A vagabond in Linz. Wild, Denigrated, Celebrated
In the exhibition Oskar Kokoschka. A Vagabond in Linz. Wild, denigrated, celebrated, the Lentos documents the great Austrian painter, who was a non-conformist all his life, and focuses on his contacts with Linz.
This extensive show presents 40 paintings, 49 watercolors and drawings, and about 27 prints as well as 36 photographies from 20 museums, galleries and private collections abroad and ten from Austria. The Lentos and the Nordico, which with five paintings, 15 drawings and over 100 lithographs are among the most important Kokoschka collections in Austria, show their rich Kokoschka holdings collected in an exhibition for the first time.
Kokoschka’s personal contacts and friendships with art historians, gallerists, high-ranking city officials and politicians in Linz were the basis of the ties between the artist from Pöchlarn and the capital of the federal province of Upper Austria. The first contact was established by Wolfgang Gurlitt (1888 – 1965), art dealer from Berlin and founder of the New Gallery of the City of Linz, which became the Lentos Art Museum. His successors Walter Kasten and Peter Baum and the mayor at that time, Ernst Koref, maintained a close artistic exchange with Kokoschka through purchases, commissioned works and numerous exhibitions. This bears witness to the important art historical pioneering role of the city of Linz as well as to the city’s special engagement in the relationship to Kokoschka.
Kokoschka’s first exhibition after World War II in Austria was shown at the New Gallery of the City of Linz in the summer of 1951. Several paintings from this sensational exhibition – Die Freunde (1917), Vater Hirsch (1909), Marcel von Nemes (1929) – and many print graphic works were added to the Museum Collection through purchase in 1953 and are still today among the international highlights of the Lentos Collection. This exhibition, which was highly successful and had a strong media presence, is reconstructed on the basis of the works shown then in rooms in the main square of Linz and supplemented with press reviews and photographic documents.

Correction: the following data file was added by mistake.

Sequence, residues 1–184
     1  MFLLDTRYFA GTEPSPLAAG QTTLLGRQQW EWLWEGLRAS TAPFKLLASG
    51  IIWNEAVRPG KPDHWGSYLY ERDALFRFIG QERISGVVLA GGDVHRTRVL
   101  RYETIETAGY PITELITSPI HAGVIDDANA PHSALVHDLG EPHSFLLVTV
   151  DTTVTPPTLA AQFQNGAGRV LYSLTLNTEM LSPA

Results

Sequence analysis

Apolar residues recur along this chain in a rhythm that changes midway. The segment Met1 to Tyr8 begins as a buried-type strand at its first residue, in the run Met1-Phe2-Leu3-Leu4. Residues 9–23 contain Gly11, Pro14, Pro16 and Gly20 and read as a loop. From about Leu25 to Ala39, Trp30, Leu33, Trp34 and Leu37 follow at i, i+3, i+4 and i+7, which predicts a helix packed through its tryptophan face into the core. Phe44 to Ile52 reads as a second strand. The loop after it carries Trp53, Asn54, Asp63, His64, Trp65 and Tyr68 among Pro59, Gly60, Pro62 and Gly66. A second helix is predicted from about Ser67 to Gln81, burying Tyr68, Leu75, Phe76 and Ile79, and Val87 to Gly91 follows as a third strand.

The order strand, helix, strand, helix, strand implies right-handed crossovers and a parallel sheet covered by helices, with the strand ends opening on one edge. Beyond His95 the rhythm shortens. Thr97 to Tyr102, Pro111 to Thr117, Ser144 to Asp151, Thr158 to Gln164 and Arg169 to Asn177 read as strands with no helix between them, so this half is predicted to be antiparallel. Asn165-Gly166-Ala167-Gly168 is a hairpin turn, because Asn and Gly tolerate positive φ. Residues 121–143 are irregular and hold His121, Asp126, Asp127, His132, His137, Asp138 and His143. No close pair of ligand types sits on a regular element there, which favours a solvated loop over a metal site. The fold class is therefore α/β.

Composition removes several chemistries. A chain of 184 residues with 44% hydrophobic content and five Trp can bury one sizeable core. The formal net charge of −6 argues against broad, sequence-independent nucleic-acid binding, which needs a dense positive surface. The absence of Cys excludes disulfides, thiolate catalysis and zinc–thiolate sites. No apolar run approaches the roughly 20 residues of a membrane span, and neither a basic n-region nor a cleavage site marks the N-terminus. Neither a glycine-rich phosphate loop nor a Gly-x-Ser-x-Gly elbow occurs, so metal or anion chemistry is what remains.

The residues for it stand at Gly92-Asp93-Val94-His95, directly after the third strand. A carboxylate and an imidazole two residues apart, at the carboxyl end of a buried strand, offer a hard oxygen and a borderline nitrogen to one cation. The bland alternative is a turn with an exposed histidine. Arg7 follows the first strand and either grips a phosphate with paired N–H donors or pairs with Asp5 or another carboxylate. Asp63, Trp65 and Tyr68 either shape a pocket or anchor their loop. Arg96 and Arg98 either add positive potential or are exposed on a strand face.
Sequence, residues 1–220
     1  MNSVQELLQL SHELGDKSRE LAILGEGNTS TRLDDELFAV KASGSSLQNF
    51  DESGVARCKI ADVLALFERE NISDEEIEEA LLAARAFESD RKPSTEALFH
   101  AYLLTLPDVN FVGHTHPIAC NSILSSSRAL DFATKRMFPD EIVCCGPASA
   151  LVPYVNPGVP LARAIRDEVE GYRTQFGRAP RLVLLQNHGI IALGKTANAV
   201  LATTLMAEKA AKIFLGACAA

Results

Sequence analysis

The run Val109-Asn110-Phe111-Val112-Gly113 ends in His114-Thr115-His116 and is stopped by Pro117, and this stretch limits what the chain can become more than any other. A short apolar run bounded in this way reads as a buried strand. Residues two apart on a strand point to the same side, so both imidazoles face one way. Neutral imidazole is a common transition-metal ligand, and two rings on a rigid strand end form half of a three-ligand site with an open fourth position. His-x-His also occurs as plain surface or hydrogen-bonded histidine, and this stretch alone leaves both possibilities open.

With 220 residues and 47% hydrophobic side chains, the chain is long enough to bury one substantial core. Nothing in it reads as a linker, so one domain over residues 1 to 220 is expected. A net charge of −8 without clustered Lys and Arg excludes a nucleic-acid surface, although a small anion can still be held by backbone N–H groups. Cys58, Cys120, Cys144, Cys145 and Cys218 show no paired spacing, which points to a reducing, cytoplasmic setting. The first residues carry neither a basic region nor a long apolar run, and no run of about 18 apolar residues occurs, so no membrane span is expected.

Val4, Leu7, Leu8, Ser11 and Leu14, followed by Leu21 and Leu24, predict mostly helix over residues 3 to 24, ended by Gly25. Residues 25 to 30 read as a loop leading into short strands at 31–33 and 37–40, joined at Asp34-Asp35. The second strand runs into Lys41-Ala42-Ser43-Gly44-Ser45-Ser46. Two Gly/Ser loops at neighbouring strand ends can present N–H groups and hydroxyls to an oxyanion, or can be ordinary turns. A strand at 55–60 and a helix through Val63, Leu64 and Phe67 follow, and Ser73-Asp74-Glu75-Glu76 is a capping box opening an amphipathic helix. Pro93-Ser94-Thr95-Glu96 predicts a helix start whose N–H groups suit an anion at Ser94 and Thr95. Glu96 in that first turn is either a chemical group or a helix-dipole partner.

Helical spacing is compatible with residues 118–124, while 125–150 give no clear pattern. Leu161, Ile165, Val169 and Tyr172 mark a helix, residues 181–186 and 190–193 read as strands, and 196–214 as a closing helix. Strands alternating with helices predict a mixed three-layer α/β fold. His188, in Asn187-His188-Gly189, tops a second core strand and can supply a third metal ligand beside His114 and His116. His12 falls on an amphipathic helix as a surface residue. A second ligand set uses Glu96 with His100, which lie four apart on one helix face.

A special focal point deals with the National-Socialist understanding of art that branded Kokoschka as a “degenerate” artist. More than 400 of his works were confiscated, nine of them denounced in the exhibition “Degenerate Art” in 1937 in Munich and eleven other stations (including Vienna and Salzburg). Some of the “degenerate” and confiscated works are shown for the first time in this sensitive context. All the provenances of the Kokoschka holdings of the Lentos are published in the accompanying catalogue, which also details the complex history of purchases and origins of the works acquired by Gurlitt at the Fischer auction in Lucerne.
A special area is devoted to the photographs, which have been continuously collected and presented and developed in scholarly treatment since the opening of the New Gallery in 1946. The rich holdings of the Lentos Collection include incunabula of Austrian reportage photography, including works by Erich Lessing, Franz Hubmann and Peter Baum, which show Oskar Kokoschka in vitality and artistic passion.
The exhibition covers a broad range: works are presented in the show from Kokoschka’s controversial early work, from the lively years of traveling, and also paintings, watercolors, color pencil drawings and posters created in exile in England – a rich selection of exhibits with important paintings, illuminating photo documents and audio material presented for the first time, much of this with a unique relevance to Linz.
The exhibition comprising 139 works provides insights into an oeuvre marked by strokes of fate, which underwent a fascinating thematic and stylistic development. The presentation of over sixty years of creative production (the earliest watercolor is from 1905, the last from 1967) enables a comparison of styles from the different phases of the artist’s work.
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